I wrote to the church, but Diotrephes, who loves to be first, will not welcome us. So when I come, I will call attention to what he is doing, spreading malicious nonsense about us. Not satisfied with that, he even refuses to welcome other believers. He also stops those who want to do so and puts them out of the church.
Dear friend, do not imitate what is evil but what is good. Anyone who does what is good is from God. Anyone who does what is evil has not seen God. (3 John 1:5-11 NIV) 

Now, what do these words of Pastor Najapfour accomplish in regard to an abuse victim and her abuser in a local church? Most all of you know the answer because you have lived it. The abuser is going to be most certainly enabled, allowed to go right on parading as a Christian, his salvation never, ever challenged and in fact he is not even going to be confronted. His victim? Well, Pastor Najapfour gives the same common and terrible counsel to her ‘ “suck it up, be a better Christian yourself, love him more and pray for him.”
Do you see why what he has written makes me so angry? I lived it. For decades I lived it as a pastor in three local churches. I was in bondage to this very same false teaching until ultimately, after over 25 years in that condition, the Lord turned the lights on for me. I saw these kinds of people Najapfour tells us we must love, pray for, and be sooooo patient with, for what they truly are. Wolves in wool. Children of the devil parading as sons of righteousness. And we are to deal with them as such, not as Christian brethren who sometimes sin.
That is Christ’s truth. And it really does set us free.


The Haughty Evil of the Wicked and Their Just End


The Trauma of a Broken Mind – An Important Article by my Friend


  1. Rae

    I’ve tried the pray more and show them the love of Christ.
    Because I feared the consequences of Gods judgment on me.
    But the real fear was what the abuser was doing to my soul.
    I now suffer in the flesh from all the trauma inflicted from my abuser and the wolves 🐺 that hide and do their dirty work in the church.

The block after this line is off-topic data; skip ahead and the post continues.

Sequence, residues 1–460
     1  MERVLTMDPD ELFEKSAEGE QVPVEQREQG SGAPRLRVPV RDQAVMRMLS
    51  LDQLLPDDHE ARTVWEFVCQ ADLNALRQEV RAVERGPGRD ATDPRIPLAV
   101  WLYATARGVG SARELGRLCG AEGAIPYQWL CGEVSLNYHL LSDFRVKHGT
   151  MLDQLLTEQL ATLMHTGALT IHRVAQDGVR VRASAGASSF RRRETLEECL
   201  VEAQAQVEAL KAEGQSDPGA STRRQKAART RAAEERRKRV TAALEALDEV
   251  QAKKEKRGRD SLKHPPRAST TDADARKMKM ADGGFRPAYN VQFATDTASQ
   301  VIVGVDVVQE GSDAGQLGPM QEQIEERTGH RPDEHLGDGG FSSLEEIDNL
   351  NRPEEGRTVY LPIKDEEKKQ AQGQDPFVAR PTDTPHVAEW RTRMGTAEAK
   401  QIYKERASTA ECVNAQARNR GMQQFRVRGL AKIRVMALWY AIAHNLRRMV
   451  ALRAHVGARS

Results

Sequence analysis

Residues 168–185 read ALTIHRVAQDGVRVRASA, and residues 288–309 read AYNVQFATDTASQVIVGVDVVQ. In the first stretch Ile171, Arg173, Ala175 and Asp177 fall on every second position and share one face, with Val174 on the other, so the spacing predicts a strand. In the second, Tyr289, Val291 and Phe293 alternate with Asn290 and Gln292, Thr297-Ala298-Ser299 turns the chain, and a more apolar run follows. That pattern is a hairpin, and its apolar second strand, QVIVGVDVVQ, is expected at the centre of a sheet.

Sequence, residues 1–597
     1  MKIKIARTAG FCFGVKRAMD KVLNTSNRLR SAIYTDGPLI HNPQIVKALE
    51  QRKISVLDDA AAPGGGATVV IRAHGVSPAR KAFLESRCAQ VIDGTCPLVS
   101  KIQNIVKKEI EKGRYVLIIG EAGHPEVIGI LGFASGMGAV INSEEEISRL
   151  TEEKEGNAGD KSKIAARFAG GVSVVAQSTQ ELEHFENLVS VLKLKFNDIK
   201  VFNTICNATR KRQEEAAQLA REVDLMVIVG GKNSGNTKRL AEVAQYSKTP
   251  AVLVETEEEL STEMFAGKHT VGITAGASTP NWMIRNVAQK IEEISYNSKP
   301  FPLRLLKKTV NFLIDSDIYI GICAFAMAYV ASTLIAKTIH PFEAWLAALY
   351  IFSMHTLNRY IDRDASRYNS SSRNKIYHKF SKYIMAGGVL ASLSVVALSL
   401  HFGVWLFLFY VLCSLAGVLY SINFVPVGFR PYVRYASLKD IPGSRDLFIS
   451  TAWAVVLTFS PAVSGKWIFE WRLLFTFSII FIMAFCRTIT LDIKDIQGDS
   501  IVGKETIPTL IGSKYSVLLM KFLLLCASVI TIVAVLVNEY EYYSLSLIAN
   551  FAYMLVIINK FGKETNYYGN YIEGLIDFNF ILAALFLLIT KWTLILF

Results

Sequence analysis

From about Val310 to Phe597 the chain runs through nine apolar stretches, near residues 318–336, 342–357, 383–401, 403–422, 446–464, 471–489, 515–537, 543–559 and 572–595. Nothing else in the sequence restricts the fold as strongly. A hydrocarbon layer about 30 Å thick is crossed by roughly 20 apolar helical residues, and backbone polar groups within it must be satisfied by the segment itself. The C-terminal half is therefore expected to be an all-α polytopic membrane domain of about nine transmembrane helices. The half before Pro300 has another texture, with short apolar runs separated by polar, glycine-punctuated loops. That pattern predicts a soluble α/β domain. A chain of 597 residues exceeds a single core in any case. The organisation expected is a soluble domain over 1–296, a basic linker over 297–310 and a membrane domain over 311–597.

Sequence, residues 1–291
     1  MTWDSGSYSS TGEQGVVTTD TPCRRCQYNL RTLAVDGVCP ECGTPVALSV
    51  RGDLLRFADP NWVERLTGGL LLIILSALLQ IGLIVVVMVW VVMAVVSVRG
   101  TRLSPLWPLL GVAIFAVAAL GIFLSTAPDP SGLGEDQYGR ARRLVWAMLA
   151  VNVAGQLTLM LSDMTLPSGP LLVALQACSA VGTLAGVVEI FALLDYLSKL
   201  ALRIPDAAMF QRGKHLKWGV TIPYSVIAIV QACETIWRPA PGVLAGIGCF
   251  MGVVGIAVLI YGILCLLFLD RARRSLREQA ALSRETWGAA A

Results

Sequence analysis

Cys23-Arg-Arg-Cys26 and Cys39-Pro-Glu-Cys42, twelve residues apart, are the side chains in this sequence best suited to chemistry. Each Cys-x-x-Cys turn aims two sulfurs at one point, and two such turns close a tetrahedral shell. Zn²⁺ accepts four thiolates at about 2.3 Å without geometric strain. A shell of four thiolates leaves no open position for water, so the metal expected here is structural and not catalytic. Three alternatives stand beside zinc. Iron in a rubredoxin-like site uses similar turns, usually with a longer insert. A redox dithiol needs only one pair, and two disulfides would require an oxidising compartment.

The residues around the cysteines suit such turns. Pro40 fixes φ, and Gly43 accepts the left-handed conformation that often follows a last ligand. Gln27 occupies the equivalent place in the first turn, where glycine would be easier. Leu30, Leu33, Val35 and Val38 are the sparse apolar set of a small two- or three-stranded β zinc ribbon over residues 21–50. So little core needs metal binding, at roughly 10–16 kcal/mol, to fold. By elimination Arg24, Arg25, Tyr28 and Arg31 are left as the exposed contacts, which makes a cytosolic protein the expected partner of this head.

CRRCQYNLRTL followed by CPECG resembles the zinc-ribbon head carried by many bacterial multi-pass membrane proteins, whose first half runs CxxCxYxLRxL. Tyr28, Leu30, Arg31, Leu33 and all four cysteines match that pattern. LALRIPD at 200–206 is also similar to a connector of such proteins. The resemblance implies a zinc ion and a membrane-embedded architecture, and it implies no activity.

Iam free from evil.
    But not from the harm done.

    • Ms. E.

      So sorry to hear, Rae…I’ve encountered wolves in the church also. May God bring rest and healing this season.

  2. Freedom in seeing

    Thank you for the tangible message. And thank you for the firm reminders of how clear Christ’s position is on this. The mask of deception is severe within the church at large.
    I can imagine the gut twisting version of the truth that is often misrepresented within leadership of the churches when it comes to the abusers – the wolves very carefully covered as sheep/brothers and sisters. After years of observing and experiencing gut twisting biblical misrepresentations at the congregation level, I have come to find out that those “Christians” that give the just “love and pray for” “forgive lest you be forgiven” “we are all sinners” “thou shall not judge” “we are all God’s children” etc. vile dismissals of abusers being held accountable for their conduct, particularly those abusers that waltz around behind the Bible as their weapon, are often times the very ones who are covering up for themselves. In fact, I’m trying to think of one time when I received their regurgitated dismissals around the abuser(s) being held accountable in which they weren’t covering up for themselves, and I can’t. If they called out the abuser, then they risk themselves being called out – and thus the merry go round of lies upon lies to support the abusers lies and deceptions instead of following Christ!
    There is profound frustration with seeing this is how it is, yet at the same time there is also such profound freedom in seeing it for what it is and knowing Christ is our rock, our Lord, truly our Savior in action and in word, and not a tolerant endorser of evil-coddling deceivers.

  3. Freedom in seeing

    For additional reflection when dealing with those who claim to be followers of Christ yet contradict this and align with the abusers:“Anyone who runs ahead and does not continue in the teaching of Christ does not have God; whoever continues in the teaching has both the Father and the Son. If anyone comes to you and does not bring this teaching, do not take him into your house or welcome him. Anyone who welcomes him shares in his wicked work.” 2 John 1:9-11